Sunday, July 29, 2012

Olympic Guitars

The Summer Olympics are here and what better time to review some unique guitars bearing the name “Olympic.”


From 1931 through 1950 Epiphone offered an archtop guitar called The Olympic model. This was originally produced by the Staphopoli brothers in their New York facility. For the first few years this model was fairly small as it was a mere 13” wide, with segmented f holes. By 1933 the width increased 5/8’ths of an inch.

In this same year the peak headstock was replaced with a non-peak version. 1934 saw the addition of an Epiphone decal logo with the words Masterbuilt underneath the company’s name.

Three years later, in 1937, the body was widened to 15.25” and the f holes were no longer segmented. This same year saw the release of the Epiphone Olympic in tenor and plectrum versions. In 1939 a center dip was added to the end of the headstock.

No more changes took place until 1942 when the logo was updated to have a tail underneath “Epiphone.” The guitar was a page in history by 1950, when the company discontinued the model.




Restored Olympic





A different version of this same guitar was marketed in England from the mid 1930’s through 1937. Though produced or just marketed by Epiphone is somewhat of a mystery.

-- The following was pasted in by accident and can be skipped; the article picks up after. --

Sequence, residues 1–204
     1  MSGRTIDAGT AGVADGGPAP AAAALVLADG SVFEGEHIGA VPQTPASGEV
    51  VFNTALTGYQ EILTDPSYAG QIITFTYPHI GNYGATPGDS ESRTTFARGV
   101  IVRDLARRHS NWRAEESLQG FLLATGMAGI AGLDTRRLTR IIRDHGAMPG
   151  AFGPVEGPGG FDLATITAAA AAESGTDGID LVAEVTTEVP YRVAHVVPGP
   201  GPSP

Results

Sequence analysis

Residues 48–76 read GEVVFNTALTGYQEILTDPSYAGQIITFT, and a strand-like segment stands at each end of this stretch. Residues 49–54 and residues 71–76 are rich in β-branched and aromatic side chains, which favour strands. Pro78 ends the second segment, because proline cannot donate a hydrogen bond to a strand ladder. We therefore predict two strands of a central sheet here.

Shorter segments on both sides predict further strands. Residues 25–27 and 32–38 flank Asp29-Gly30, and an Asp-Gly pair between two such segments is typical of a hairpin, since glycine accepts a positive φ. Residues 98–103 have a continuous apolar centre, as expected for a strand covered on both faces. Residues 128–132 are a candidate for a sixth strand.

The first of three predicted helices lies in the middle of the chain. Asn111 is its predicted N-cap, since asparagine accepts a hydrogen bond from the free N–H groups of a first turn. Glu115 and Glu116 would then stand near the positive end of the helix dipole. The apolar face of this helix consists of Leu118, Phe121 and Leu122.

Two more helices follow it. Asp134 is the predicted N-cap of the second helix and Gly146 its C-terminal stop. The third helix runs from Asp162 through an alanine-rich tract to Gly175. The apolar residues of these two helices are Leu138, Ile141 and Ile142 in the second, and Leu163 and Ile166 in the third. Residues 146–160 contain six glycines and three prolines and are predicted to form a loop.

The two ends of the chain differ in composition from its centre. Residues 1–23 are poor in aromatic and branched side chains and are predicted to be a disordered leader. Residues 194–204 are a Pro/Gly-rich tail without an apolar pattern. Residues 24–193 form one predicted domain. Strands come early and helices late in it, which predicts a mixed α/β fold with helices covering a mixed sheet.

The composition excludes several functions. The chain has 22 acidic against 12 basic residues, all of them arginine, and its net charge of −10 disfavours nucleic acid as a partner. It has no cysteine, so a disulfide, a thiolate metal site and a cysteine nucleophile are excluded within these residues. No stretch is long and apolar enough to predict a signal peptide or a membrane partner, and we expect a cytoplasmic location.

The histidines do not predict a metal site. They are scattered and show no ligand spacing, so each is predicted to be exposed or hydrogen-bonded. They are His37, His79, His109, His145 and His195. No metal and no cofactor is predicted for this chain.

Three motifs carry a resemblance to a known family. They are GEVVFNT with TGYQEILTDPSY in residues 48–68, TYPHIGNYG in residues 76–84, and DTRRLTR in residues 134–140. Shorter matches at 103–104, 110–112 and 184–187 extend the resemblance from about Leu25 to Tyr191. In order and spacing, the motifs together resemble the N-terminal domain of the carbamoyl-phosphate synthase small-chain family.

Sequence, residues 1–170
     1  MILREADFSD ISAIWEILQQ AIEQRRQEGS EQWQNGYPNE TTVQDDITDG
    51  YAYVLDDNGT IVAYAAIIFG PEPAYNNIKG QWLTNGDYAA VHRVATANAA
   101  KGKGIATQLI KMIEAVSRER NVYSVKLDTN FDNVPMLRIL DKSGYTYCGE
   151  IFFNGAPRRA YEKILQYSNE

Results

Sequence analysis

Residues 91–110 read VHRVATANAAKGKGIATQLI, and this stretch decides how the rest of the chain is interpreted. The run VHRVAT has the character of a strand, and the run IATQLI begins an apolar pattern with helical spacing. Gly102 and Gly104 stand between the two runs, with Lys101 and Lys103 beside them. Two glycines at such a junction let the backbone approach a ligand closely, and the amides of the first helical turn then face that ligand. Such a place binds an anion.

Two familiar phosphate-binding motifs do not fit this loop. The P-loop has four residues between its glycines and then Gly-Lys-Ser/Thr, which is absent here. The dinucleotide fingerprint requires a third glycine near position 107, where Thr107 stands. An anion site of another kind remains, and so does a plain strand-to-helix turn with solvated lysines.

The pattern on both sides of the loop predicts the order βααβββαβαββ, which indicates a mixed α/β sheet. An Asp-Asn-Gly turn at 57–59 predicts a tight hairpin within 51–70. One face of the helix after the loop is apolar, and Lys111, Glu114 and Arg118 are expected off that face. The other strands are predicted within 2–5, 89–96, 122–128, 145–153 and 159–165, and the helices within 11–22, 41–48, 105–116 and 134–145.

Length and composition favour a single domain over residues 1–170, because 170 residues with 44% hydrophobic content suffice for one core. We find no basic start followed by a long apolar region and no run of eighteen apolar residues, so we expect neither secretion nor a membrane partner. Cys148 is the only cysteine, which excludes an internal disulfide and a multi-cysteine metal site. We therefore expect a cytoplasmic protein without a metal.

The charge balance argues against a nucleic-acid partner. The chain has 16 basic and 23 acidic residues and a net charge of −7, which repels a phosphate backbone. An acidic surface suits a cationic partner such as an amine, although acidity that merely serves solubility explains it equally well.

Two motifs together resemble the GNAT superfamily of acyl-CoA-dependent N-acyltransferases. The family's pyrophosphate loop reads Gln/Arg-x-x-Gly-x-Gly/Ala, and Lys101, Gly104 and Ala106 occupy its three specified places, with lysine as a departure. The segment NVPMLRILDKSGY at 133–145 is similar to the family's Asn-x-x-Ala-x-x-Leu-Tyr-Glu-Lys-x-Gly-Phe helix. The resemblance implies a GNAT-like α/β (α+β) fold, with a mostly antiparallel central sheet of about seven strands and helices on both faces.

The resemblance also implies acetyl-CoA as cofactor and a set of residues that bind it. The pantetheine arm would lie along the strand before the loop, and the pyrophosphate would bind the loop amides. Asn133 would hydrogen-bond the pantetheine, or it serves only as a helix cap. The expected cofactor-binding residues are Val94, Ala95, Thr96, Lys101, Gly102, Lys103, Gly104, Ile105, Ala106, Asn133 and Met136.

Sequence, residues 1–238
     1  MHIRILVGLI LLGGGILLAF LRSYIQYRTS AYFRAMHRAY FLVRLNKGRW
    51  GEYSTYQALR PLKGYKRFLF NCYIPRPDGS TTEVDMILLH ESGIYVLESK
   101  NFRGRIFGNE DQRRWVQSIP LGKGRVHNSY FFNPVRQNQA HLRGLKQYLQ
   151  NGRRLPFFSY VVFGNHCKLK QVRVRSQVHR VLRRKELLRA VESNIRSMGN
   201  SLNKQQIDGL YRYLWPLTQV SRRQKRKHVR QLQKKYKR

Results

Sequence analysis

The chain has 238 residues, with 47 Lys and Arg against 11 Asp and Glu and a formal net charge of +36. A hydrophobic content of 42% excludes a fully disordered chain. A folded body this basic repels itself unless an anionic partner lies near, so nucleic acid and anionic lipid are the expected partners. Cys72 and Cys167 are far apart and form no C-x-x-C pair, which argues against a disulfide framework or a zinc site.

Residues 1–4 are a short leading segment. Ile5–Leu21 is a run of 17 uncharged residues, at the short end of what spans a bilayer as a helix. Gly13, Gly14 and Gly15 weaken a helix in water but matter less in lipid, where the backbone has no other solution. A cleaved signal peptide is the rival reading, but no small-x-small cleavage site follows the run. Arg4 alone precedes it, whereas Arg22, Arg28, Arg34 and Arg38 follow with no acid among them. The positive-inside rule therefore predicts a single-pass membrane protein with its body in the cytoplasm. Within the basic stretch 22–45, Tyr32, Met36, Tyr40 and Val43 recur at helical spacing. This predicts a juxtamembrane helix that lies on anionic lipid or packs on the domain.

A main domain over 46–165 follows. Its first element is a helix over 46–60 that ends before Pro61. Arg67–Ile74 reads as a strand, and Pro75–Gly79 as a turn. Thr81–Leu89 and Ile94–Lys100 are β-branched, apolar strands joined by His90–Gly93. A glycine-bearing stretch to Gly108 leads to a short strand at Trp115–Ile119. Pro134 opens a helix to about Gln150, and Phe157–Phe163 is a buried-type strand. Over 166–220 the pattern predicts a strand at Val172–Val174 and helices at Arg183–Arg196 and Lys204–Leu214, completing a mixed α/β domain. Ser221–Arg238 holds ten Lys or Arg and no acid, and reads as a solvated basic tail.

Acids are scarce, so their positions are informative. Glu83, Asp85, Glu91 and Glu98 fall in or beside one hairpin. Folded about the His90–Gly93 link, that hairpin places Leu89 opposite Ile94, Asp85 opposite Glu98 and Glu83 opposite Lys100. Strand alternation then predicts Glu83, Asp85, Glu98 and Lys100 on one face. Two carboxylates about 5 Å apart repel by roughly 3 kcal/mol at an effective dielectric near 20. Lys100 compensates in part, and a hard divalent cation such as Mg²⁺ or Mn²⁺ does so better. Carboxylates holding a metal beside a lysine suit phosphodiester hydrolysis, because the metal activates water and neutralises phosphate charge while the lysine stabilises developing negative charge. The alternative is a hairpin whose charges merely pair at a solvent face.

The guitar bore the logo, Apollo, but had an Epiphone Masterbuilt decal on the headstock. It’s body was wider than the Epiphone Olympic, 16” and it came with a standard black pickguard.



The body was made of either mahogany or birch. It may have been built by the Regal Musical Instrument Company for Epiphone distribution.

It was not until 1962 that Epiphone revived the Olympic name. This time it was on a series of electric guitars created during the Gibson CMI period.

The first version of the Epiphone Olympic electric was a thin solid body guitar with an asymmetrical double cutaway. It was Epiphone version of the Gibson Melody Maker. The instrument weighed in at under 6 pounds.

In 1965 the company made a radical change in design of the Olympic that became the basis for many Epiphone thin line solid body guitars.

The body bore a large white pickguard with a large Epiphone lower-case
, in the middle of the pickguard.


The tailpiece was a Gibson Maestro vibrola with a white plastic handle, sometimes called the Walrus tooth arm.


Many of the Olympic models came with one Melody Maker style single coil pickup placed in front of the bridge. There were separate volume and tone controls. The input was mounted on top of the pickguard.

The 24.75” neck was topped with a rosewood fretboard that was topped with 22 frets. The headstock was the Epiphone Bat wing style with six-in-a-row Kluson Deluxe tuners. All hardware was chrome plated.

The Olympic was also produced in a twin pickup model. This had the same type of pickups with an output of 7.16k and separate tone and volume controls for each pickup. All were mounted directly on the pickguard along with a 3-way Gibson style switch and the input.

This guitar came in a variety of colors. The 1965 Inverness Green model pictured here is very rare.